Pain Psychology and Pain Management is a subject that many patients don’t have knowledge about. Even though there have been decades of scientific support showing the tried, tested, and proven benefits of pain psychology. Although it doesn’t seem logical to most chronic pain suffers, seeing a pain psychologist may not be so illogical after all.

What is Pain Psychology

There is a base of five ways that pain psychologist can aid acute and chronic pain suffers. The first way pain psychologists can help is to show patients how to replace coping behaviors for acute pain by replacing the behaviors with those used for coping with chronic pain. Next, the pain psychologist teaches pain sufferers to take a leadership role in their own pain management. The patient will need to make lifestyle changes, communicate with doctors, provide feedback to doctors and become knowledgeable about their condition and the big picture of their overall health. The third strategy that pain psychologist utilize is assisting patients to de-catastrophize thinking about their pain. The case should be solely based on the facts of the patient’s metical status. This takes away fear, anxiety, and worst-case scenario type thinking. Next the doctor helps the patient put life quality ahead of pain, prioritizing goals and values. The fifth change that pain psychologists help patients do is to help their patients to reduce stress, anxiety, and any other mental health issues that makes the patient’s acute and chronic pain escalate.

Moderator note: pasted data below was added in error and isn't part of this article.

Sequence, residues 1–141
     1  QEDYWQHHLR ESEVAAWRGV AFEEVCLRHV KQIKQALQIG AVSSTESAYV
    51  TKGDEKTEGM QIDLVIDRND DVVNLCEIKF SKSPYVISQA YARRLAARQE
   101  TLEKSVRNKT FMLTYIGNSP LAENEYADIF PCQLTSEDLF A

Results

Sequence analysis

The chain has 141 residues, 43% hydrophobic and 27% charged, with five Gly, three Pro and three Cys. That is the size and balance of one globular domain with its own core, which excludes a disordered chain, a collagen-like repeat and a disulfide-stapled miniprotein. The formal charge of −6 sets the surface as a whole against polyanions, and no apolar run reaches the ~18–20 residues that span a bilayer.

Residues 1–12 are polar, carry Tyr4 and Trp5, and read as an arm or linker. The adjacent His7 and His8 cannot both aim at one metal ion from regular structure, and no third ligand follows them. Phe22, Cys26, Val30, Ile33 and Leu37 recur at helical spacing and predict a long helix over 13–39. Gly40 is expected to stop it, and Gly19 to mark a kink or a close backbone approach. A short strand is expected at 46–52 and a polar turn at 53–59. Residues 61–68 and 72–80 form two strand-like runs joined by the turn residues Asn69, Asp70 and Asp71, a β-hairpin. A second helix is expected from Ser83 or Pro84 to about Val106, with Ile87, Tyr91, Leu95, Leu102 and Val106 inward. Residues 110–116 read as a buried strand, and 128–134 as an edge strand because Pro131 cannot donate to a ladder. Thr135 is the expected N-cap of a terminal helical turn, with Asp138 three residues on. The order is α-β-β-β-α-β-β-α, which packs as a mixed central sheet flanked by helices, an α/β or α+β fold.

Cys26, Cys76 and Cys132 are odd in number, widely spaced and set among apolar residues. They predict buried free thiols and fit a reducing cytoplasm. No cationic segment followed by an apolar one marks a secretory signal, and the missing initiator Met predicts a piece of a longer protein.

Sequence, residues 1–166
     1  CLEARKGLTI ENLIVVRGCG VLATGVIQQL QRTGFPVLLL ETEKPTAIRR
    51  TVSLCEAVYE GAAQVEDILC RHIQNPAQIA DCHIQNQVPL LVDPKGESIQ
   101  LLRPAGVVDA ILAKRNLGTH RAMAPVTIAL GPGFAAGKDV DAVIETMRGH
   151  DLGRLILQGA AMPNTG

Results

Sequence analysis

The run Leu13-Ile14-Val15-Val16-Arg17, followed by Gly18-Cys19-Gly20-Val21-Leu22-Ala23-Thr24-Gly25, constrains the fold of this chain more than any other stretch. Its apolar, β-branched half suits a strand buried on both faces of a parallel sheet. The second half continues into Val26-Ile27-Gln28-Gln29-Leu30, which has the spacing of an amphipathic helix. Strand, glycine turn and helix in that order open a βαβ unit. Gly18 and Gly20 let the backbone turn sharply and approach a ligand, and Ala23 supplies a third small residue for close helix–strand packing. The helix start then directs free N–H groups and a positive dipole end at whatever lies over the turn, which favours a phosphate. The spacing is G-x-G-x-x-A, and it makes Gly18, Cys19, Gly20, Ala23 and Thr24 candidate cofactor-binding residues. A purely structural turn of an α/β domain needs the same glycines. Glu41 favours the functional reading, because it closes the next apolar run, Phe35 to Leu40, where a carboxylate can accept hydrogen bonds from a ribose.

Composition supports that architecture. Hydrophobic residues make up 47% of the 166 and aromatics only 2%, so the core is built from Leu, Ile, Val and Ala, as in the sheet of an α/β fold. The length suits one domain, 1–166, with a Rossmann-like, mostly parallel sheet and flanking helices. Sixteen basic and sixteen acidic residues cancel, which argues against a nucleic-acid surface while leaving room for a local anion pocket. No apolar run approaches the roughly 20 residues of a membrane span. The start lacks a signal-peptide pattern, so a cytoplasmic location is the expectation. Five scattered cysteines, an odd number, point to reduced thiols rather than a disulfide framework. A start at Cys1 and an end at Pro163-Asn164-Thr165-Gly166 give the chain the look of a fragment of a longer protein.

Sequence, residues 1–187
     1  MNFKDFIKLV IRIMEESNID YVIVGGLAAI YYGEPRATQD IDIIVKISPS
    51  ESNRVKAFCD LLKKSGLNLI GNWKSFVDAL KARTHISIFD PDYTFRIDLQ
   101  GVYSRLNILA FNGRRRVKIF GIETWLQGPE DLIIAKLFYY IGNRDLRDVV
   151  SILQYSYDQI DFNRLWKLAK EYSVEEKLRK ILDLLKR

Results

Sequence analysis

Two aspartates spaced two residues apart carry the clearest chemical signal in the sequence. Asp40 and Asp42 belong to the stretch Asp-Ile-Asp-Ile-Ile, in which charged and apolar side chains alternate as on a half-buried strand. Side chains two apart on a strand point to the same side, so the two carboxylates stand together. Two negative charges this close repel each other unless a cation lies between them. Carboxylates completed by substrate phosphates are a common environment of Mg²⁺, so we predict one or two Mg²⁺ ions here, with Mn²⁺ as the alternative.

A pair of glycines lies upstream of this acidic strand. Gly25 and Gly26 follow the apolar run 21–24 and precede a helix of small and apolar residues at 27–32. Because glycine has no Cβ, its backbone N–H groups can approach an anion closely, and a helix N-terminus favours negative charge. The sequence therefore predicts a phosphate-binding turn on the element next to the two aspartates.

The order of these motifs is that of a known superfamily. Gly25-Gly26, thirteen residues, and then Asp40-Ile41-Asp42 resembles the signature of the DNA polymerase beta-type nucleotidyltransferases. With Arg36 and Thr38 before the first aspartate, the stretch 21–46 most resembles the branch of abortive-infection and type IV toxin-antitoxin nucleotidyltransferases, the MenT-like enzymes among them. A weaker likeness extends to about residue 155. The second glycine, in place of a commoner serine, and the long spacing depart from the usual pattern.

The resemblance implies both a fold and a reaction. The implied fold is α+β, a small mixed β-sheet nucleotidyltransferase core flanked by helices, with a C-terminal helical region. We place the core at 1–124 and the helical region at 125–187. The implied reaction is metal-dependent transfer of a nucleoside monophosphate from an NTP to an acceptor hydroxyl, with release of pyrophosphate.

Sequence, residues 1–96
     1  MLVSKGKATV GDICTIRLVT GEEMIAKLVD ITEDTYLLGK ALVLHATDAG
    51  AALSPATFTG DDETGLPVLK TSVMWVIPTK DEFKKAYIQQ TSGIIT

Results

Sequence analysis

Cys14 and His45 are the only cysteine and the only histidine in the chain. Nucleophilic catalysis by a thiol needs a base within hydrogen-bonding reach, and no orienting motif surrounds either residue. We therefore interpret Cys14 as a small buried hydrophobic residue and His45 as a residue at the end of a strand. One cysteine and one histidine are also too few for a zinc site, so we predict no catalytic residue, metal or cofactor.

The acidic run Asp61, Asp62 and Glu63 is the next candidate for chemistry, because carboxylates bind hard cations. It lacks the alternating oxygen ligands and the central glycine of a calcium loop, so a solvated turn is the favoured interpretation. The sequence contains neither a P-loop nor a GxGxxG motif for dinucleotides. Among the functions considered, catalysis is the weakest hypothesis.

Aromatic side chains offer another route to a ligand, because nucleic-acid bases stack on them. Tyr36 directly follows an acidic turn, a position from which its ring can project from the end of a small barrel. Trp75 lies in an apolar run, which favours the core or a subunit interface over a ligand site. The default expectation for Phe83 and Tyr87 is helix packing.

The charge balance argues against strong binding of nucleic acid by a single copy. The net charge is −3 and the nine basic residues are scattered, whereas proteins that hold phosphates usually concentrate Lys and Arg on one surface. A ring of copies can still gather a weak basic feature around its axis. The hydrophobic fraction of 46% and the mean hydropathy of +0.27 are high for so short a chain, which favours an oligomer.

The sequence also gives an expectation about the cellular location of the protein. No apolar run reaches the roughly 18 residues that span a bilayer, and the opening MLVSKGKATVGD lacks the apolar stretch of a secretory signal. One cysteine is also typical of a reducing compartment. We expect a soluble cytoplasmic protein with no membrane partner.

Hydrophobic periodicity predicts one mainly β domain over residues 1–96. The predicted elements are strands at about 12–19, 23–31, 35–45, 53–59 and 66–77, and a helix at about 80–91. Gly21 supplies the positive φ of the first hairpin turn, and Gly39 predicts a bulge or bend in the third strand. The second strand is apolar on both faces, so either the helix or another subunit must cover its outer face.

Pain Psychology and Pain Management

Do these five ways that pain psychologists aid with acute and chronic pain work? The science over several decades says that this formula for acute and chronic pain does help patients. This does not mean that primary doctors and pain management specialist should not be part of the patient’s pain management team. Chronic pain can change and get much worse over time. Certainly, there is a time and place where medical procedures may be needed for pain relief.

The Body and the Mind are Connected

There is strong evidence that shows how powerful our thoughts and minds can be when it comes to health and quality of life. A positive attitude that focuses on living and quality of life seems much more appealing then a life focused on pain. Pain psychology and pain management for acute and chronic pain make perfect sense; the mind is an important part of the body that contributes to overall health and wellbeing.

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